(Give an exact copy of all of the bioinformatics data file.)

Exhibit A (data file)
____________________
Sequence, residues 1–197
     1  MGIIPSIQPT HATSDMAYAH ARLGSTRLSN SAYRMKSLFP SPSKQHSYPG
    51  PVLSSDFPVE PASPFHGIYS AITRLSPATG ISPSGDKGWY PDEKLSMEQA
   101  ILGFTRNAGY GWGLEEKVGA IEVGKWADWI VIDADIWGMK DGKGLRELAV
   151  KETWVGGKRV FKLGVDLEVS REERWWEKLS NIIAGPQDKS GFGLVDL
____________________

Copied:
Sequence, residues 1–197
     1  MGIIPSIQPT HATSDMAYAH ARLGSTRLSN SAYRMKSLFP SPSKQHSYPG
    51  PVLSSDFPVE PASPFHGIYS AITRLSPATG ISPSGDKGWY PDEKLSMEQA
   101  ILGFTRNAGY GWGLEEKVGA IEVGKWADWI VIDADIWGMK DGKGLRELAV
   151  KETWVGGKRV FKLGVDLEVS REERWWEKLS NIIAGPQDKS GFGLVDL